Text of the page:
Welcome to the forum and thanks for your question, which came in while I was on the forum myself. Thanks for your confidence in the forum and for your thanks in advance.
As we have said many times on this forum, HIV is less common in CSWs in most of the US than many people realize, and it's believed to be especially uncommon in Las Vegas. The frequency of prostitution there, the presence of legal brothels, and relative sophistication of both CSWs and their customers probably work to increase awareness of risk, testing, and condom use. I would guess the chance your partner had HIV to be no higher than one in 1,000. And even without a condom, the transmission risk for a single epsiode of unprotected vaginal sex, if the female is infected, has been calculated at 1 in 2,000. So even if you hadn't used a condom at all, I would put your risk of having caught HIV somewhere in the range of 1 in 2 million -- in other words, zero for all practical purposes.
Assuming your genital herpes is due to HSV-2, it roughly doubles the chance of catching HIV if exposed. That would raise your odds all the way up to 1 chance in a million -- i.e. no significant effect. (By the way, the increased risk of HIV from HSV-2 has nothing to do with open herpes lesions. Just having the infection, without an outbreak, doubles the risk.)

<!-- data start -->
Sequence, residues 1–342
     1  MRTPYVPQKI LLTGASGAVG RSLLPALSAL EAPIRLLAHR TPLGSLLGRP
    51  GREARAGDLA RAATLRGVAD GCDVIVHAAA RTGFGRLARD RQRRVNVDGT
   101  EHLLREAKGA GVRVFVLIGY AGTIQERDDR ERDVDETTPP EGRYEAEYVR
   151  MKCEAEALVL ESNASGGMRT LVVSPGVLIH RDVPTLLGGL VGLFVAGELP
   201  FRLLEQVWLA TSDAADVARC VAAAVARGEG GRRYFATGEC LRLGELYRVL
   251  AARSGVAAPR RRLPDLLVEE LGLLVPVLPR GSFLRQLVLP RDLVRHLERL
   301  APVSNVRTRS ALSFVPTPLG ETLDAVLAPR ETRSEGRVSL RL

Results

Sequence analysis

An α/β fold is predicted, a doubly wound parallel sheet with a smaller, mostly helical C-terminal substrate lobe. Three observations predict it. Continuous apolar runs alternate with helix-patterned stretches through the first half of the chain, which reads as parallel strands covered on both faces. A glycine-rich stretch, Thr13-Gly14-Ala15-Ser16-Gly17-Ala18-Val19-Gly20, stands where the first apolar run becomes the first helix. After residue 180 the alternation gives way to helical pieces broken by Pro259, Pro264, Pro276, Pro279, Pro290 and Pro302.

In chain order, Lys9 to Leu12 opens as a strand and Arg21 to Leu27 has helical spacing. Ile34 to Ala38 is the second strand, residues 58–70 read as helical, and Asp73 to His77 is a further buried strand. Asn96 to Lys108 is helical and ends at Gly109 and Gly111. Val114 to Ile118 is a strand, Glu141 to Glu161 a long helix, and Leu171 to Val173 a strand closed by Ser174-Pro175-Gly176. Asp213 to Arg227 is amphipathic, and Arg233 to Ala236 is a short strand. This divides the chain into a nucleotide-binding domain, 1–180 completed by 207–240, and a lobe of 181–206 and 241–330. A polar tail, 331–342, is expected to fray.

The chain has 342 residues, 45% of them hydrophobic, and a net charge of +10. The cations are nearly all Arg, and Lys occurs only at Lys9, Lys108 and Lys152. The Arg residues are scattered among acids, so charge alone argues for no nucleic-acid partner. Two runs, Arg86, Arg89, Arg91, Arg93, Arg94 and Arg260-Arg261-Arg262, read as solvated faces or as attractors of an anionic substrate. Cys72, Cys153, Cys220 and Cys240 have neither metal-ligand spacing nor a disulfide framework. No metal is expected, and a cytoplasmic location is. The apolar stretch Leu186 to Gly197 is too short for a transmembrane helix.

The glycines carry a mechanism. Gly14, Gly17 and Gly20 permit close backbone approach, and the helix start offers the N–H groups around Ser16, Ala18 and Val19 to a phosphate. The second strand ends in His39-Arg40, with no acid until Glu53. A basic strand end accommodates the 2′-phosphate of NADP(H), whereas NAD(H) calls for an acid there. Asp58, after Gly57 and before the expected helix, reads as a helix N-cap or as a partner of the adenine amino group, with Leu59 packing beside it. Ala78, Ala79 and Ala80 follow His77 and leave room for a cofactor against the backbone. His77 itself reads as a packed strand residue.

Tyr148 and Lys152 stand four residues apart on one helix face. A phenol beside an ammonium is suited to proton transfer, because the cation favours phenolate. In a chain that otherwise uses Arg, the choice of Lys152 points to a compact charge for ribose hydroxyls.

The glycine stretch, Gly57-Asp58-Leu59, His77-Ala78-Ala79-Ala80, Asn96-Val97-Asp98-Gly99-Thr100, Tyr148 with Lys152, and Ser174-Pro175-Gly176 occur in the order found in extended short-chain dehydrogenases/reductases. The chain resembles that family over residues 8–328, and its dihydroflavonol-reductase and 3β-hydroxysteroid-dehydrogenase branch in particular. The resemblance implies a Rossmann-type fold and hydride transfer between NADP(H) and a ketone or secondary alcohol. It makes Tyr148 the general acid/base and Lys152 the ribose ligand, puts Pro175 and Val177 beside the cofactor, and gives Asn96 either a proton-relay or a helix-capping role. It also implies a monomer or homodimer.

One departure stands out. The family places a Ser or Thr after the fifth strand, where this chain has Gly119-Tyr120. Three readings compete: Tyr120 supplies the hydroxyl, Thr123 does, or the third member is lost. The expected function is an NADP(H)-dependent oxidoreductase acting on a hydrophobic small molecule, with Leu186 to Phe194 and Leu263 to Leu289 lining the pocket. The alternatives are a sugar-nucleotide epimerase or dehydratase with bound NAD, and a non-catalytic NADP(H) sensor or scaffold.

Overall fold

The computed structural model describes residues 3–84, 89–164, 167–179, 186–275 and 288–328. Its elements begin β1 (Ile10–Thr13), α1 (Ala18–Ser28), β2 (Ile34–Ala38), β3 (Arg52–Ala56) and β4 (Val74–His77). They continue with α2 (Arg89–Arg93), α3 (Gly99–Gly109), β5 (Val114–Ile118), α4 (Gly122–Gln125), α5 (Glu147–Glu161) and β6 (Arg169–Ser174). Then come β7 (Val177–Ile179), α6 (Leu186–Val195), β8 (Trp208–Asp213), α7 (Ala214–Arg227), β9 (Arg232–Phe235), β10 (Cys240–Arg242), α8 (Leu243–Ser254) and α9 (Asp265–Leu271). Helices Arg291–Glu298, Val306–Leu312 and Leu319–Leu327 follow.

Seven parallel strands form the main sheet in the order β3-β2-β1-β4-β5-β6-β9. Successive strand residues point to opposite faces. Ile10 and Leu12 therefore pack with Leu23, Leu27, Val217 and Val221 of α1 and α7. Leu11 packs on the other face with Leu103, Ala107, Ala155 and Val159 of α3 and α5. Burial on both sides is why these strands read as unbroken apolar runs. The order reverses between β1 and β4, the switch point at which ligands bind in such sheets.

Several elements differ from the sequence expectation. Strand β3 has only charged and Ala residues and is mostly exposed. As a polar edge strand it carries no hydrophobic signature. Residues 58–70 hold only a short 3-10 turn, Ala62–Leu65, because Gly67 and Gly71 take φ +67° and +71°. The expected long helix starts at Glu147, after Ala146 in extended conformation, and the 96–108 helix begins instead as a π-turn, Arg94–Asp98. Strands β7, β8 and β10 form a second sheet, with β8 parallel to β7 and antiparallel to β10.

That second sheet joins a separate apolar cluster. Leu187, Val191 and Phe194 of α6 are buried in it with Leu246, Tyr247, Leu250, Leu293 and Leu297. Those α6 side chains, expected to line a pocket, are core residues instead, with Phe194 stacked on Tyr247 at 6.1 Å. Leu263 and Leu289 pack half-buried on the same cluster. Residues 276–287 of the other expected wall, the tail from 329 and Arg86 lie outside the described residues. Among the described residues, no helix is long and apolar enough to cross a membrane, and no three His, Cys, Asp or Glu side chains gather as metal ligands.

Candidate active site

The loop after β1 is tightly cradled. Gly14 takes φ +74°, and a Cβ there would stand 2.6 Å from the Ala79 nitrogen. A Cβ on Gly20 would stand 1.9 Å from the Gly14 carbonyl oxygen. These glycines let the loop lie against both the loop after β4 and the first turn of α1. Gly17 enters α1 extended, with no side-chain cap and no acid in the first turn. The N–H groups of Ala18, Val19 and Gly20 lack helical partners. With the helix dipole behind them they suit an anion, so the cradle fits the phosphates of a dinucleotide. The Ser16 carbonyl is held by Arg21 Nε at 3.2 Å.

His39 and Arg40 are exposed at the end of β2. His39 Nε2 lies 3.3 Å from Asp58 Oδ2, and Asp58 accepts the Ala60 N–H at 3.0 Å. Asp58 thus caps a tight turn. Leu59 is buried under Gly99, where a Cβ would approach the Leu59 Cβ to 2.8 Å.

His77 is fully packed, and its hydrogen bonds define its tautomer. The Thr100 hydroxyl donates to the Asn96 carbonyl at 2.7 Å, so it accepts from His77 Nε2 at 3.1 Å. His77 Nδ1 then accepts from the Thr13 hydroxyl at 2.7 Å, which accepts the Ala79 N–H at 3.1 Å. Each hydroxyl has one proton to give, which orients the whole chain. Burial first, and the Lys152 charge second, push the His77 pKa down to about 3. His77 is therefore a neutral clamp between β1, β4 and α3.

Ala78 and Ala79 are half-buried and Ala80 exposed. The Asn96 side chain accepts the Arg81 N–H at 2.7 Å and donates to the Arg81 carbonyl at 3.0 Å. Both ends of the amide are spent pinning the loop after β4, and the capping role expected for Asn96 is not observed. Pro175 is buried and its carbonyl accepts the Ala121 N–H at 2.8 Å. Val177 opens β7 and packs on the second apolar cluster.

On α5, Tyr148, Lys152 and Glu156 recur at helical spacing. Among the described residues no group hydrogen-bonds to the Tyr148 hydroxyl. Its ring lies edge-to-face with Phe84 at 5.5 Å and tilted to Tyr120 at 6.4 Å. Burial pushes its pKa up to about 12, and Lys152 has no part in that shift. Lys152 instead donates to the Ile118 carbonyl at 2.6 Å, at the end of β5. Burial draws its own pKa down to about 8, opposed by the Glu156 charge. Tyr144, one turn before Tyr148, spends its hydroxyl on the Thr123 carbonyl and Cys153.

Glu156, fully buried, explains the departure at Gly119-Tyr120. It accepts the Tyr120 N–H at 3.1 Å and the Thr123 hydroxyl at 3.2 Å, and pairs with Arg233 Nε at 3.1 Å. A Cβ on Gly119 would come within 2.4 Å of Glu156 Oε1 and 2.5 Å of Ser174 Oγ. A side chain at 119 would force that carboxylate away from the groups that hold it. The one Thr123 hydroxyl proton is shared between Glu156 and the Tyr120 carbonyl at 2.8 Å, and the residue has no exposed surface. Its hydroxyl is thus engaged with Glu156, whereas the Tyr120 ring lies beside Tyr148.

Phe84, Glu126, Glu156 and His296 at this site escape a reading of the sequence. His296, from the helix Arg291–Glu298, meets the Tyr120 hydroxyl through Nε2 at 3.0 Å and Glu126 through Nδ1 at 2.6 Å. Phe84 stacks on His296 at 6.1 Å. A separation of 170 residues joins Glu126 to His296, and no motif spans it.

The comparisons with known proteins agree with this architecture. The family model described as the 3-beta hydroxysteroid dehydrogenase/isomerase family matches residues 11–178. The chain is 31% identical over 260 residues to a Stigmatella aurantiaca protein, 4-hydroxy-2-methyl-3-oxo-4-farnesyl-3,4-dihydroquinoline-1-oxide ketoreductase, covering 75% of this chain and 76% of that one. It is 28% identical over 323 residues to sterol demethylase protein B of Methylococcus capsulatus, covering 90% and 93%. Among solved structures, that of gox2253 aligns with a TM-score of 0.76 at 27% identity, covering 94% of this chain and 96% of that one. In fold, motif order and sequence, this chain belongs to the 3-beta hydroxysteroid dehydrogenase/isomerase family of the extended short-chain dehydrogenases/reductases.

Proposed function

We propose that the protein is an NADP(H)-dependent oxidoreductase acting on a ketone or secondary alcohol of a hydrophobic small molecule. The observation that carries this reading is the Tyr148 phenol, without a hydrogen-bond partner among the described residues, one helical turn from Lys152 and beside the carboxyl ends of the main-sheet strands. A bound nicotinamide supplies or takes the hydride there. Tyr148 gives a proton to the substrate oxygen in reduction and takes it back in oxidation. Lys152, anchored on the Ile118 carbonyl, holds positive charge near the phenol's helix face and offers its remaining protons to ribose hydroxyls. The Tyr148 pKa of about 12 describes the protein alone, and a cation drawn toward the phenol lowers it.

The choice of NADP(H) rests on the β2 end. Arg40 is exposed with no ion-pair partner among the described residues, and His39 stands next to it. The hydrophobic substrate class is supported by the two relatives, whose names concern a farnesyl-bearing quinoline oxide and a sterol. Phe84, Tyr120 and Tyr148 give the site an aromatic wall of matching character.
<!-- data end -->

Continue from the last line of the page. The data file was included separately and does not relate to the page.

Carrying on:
And all that assumes no condom use -- but you DID use a condom. The details about looseness etc make no difference. You had protected sex. Given that fact plus the factors above, you can consider this a truly zero risk event with respect to HIV. I doubt your oral lesion has anything at all to do with the sexual exposure, and it certainly cannot be related to HIV. New HIV infections don't cause any symptoms at all sooner than 10 days after catching it.
From a strict risk assessment standpoint, you do not need HIV testing at all. If I were I your circumstance, I wouldn't get tested and would continue unprotected sex with my wife with no worry about infecting her with HIV. However, if you decide to be tested anyway for reassurance, you could have a standalone antibody test at 6-8 weeks or a combo test (antibody plus p24 antigen) at 4 weeks after the exposure.
Finally, the biggest STD risk in all this is for your CSW partner, i.e. your herpes. I hope you informed her. From an ethical standpoint, you are equally obligated to inform commercial as well as noncommercial partners about the potential risk of infecting them with HSV-2.
Best regards-- HHH, MD
Thank you. I appreciate the rational response. Its easy to get caught up in the paranoia when you are out there "in the trenches". I just needed a sanity check to screw my head on right.
If you feel there is no need for testing I will put this issue to bed. If it still bugs me in November I'll get a test and report back.
This is an wonderful service you perform. Thanks again.
I performed a home HIV test (Oraquick) at 4 weeks and 7.5 weeks post event. Both were negative. Is this enough to be considered conclusive proof of a negative HIV status?
Thanks in advance.